The Minnesota Police and Peace Officers Association broke its silence on Tuesday, saying it wants to set the record straight amid calls to disband the city’s police department.
In a lengthy statement with comments from a number of members of Minneapolis’ police department, officers placed blame on the unrest on local politicians.
“Crime won’t be wished away, and we can’t simply abolish or defund police departments. Politicians who suggest this aren’t serious about solving problems in their community,” said Rich Walker, officer and director of the Minneapolis Police Federation.
Earlier this month, members of the Minneapolis City Council voted to disband the city’s police department. The vote came after the death of George Floyd while in custody of officers, which prompted massive unrest in the city.
Councilmember Steve Fletcher said in a Twitter post that it’s time to “declare policing as we know it a thing of the past.”
“Our city needs a public safety capacity that doesn’t fear our residents,” Fletcher said. “That doesn’t need a gun at a community meeting. That considers itself part of our community. That doesn’t resort quickly to pepper spray when people are understandably angry. That doesn’t murder black men.”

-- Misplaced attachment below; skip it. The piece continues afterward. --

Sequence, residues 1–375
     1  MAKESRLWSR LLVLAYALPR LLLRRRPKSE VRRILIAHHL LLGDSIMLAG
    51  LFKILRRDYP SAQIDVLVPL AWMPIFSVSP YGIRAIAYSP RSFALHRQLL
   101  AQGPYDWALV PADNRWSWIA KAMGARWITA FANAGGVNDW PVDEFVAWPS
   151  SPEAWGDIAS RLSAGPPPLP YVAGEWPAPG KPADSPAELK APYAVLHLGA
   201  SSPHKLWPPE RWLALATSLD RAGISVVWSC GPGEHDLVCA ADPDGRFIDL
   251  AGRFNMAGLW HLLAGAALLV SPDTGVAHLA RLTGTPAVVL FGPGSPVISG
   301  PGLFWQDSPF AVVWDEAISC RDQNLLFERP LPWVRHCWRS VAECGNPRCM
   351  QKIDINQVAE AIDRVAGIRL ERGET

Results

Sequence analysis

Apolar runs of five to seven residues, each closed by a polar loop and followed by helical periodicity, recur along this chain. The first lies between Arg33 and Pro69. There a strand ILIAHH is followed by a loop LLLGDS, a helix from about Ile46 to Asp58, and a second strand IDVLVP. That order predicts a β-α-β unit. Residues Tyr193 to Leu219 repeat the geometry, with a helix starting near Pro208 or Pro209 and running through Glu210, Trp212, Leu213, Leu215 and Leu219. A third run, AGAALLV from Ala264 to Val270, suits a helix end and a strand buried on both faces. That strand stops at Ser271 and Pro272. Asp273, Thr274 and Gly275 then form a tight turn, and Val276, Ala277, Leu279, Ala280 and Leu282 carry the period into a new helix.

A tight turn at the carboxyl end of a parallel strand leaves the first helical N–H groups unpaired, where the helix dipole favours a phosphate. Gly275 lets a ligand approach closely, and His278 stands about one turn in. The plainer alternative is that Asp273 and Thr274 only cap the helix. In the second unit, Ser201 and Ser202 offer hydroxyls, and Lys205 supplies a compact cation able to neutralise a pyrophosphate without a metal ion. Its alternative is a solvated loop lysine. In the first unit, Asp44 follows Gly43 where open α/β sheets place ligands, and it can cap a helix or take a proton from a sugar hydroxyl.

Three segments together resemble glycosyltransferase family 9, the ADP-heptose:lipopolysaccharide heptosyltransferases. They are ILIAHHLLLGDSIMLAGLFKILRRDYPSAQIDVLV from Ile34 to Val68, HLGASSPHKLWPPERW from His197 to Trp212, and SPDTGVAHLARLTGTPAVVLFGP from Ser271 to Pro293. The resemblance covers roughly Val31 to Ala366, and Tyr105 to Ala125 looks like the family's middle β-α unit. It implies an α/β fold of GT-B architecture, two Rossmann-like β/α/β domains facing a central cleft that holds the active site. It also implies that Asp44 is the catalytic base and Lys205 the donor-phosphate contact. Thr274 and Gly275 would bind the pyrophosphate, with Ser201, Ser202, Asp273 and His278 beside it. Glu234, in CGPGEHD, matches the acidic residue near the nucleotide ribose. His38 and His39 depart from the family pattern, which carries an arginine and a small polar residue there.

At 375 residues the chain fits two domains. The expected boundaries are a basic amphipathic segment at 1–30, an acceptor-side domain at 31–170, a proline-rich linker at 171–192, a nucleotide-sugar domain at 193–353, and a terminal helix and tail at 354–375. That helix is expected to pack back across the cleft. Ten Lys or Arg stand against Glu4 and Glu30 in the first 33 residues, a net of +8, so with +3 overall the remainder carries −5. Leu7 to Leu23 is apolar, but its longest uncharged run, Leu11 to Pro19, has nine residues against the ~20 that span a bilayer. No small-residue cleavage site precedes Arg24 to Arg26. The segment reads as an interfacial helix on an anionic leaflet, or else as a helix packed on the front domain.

The police union said it takes issue with how officers are being portrayed by politicians.
“The only way we can begin the work to rebuild relationships and strengthen communities is if politicians stop characterizing law enforcement as violent racists and demonizing the police,” Sherral Schmidt, sergeant and vice president of the Minneapolis Police Federation, said. “There is a great deal of work toward building a safer Minneapolis, but it cannot happen until politicians stop pointing fingers and bring us all together to move us forward.”
Minneapolis Mayor Jacob Frey, who opposes disbanding the department, said he takes issue with how the union can appeal terminations of officers through arbitration.
“What's more disappointing is that the most essential change (the Minnesota legislature) could have made — preventing arbitrators from reinstating police officers who engage in egregious misconduct — was never considered,” Frey said this week.
The police union said that the arbitration is something that the city and its officers agreed to as part of a standard practice for public employees.
“The system of workplace justice – which is closely akin to our criminal justice system in many respects – requires that all public employees, even police officers, have the opportunity to contest discipline before a neutral third-party” said Schmidt.
To read the full statement, click here.